I was running an all day intensive on giving back to our horses with a group of teenage girls. The underlying theme for the day, is that we can’t give what we don’t have in ourselves. If we want to give kindness to our horse, we need to give kindness to ourselves first. Same goes with patience, contact, connection, affection, nurturance. Of course, the same goes for others in our lives, not just our horse. We need to be able to find this harmony in ourselves before we give it outwardly and for that reason, sometimes we make big changes in our internal self and it can take months if not years for others to notice that we have indeed changed.
Back to the group of teenage girls. During the morning, I had the story of the two wolves come to mind as I was listening to the ladies set their intention for the day. The story can be found at http://www.firstpeople.us/FP-Html-Legends/TwoWolves-Cherokee.html and is as follows.
An old Grandfather said to his grandson, who came to him with anger at a friend who had done him an injustice... "Let me tell you a story."
"I too, at times, have felt great hate for those who have taken so much, with no sorrow for what they do. But hate wears you down, and does not hurt your enemy. It's like taking poison and wishing your enemy would die. I have struggled with these feelings many times. "
"It is as if there are two wolves inside me; one is good and does no harm. He lives in harmony with all around him and does not take offense when no offense was intended. He will only fight when it is right to do so, and in the right way."
"But...the other wolf... ah! The littlest thing will send him into a fit of temper. He fights everyone, all of the time, for no reason. He cannot think because his anger and hate are so great. It is helpless anger, for his anger will change nothing."
"Sometimes it is hard to live with these two wolves inside me, for both of them try to dominate my spirit."
The boy looked intently into his Grandfather's eyes and asked, "Which one wins, Grandfather ?"
The Grandfather smiled and quietly said, "The one I feed."
The theme of the two wolves within us kept coming back up all day. What I realized was that in a day on nourishing our selves, our lives, our community, we had to talk about these two wolves. If we decide to nourish the wolf that is spiteful, that wolf will thrive in us. If we decide to nourish the wolf that is in harmony, that wolf will thrive in us. We can’t talk about nourishment without talking about what to nourish and what “feeds” these wolves. What we decided was that emotion is what these wolves eat. We have the feeling of frustration and it is up to us which wolf we want to feed that energy to. We can sit back and say, “I am so frustrated that this isn’t working out for me! I hate myself. I hate what my life has become. I wish everything was easier and I am so mad at everyone that stands in my way!” or we can sit back with that frustration and say, “I am so frustrated and I really want things to work out. I am passionate about my dreams. I have a vision for myself. I am struggling, and I need support from my community to help me figure out what to do.”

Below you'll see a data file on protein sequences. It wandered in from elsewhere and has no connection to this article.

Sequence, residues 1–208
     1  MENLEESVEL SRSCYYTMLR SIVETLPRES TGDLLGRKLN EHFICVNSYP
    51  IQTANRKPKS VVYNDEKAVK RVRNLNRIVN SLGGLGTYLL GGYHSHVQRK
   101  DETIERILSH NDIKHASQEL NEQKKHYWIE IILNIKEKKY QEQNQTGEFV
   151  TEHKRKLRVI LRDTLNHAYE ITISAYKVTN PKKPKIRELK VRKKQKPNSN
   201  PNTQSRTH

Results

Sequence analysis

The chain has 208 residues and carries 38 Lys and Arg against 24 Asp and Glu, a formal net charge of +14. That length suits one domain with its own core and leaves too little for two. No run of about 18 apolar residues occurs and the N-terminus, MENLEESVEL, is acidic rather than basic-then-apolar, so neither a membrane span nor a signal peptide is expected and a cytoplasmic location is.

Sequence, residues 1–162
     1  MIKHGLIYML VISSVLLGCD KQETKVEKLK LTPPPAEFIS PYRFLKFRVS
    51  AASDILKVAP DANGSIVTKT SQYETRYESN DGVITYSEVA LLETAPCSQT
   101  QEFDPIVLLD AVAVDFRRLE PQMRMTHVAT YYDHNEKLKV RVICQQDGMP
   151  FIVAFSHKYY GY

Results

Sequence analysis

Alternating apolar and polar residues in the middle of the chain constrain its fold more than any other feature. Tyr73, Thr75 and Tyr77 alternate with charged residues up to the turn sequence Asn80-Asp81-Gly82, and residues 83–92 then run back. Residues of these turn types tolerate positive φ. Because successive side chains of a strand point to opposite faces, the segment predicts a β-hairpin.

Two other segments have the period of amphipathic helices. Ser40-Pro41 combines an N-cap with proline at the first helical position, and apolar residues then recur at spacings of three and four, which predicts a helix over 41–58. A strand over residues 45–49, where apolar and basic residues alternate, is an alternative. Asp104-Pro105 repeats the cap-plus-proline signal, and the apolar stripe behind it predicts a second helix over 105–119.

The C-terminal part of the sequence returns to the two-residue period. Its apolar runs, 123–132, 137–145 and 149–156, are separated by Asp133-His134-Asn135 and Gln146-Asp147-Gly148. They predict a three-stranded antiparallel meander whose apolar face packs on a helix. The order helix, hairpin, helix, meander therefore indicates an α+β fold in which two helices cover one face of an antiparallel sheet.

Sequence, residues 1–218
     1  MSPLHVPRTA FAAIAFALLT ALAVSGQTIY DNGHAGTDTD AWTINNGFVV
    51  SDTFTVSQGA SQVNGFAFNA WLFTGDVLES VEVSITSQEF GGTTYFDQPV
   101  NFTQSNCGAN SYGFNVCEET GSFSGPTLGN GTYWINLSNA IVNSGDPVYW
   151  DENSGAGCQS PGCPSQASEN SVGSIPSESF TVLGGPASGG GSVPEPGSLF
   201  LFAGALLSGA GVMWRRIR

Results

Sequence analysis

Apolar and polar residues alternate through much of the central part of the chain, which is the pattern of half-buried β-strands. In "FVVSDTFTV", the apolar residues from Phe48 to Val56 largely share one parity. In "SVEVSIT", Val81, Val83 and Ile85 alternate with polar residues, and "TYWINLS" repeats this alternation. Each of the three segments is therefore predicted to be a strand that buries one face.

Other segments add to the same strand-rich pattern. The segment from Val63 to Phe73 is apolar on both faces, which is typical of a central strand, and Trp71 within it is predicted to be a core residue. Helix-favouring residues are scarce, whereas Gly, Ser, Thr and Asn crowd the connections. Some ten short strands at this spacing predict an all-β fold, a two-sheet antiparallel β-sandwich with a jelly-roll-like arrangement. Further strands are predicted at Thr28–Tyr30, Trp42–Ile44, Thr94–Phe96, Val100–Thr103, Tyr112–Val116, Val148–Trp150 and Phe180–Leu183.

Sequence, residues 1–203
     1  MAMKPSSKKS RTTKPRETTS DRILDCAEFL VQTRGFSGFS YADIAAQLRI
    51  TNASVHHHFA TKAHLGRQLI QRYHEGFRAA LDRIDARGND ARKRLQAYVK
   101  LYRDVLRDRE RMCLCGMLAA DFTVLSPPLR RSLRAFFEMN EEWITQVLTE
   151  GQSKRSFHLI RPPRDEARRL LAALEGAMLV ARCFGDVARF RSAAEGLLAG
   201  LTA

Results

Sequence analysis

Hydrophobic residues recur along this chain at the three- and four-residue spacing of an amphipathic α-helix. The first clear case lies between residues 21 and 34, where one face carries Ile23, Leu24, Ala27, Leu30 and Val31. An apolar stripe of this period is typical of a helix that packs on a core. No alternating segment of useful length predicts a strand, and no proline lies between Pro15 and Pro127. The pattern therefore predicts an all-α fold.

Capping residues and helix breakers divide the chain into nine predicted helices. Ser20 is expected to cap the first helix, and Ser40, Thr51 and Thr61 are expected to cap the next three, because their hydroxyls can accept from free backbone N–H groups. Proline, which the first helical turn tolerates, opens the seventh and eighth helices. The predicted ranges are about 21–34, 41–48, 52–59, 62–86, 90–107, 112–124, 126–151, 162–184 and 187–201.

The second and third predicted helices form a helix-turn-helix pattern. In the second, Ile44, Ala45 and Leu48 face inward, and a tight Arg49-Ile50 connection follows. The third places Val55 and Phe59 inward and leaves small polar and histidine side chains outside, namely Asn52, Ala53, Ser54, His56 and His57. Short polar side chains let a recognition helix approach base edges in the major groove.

Thinking more about these two wolves at war in us, I realized that one reason folks feed the spiteful wolf, is that one screams out to be fed. It is often the louder of the two wolves, the one that needs to growl, protect, fight, hurt or be hurt. The harmonious one is actually very quiet in us, and only screams out when in need for justice or out of love.
Next time you are sitting with emotion, whether it be anger, sadness, frustration, nervousness, or hurt, notice which wolf you are wanting to feed and if you really want that wolf to thrive inside of yourself. Don’t hate yourself for feeding the spiteful wolf, for that feeds it even more. Instead, work on forgiving yourself, forgive others, give back and be honest with yourself. The more you hide your spiteful wolf, the more it screams to be heard. Acknowledge that voice within yourself, see it clearly, listen to its words, and then stand up to it and make that decision that you will not be feeding that wolf any longer. That is power. That is loving strength.
Kaia Livingstone is a psychotherapist who runs a private practice outside of Boulder, CO. She specializes in helping horses and humans bond in order to help them relate and connect on a deeper level.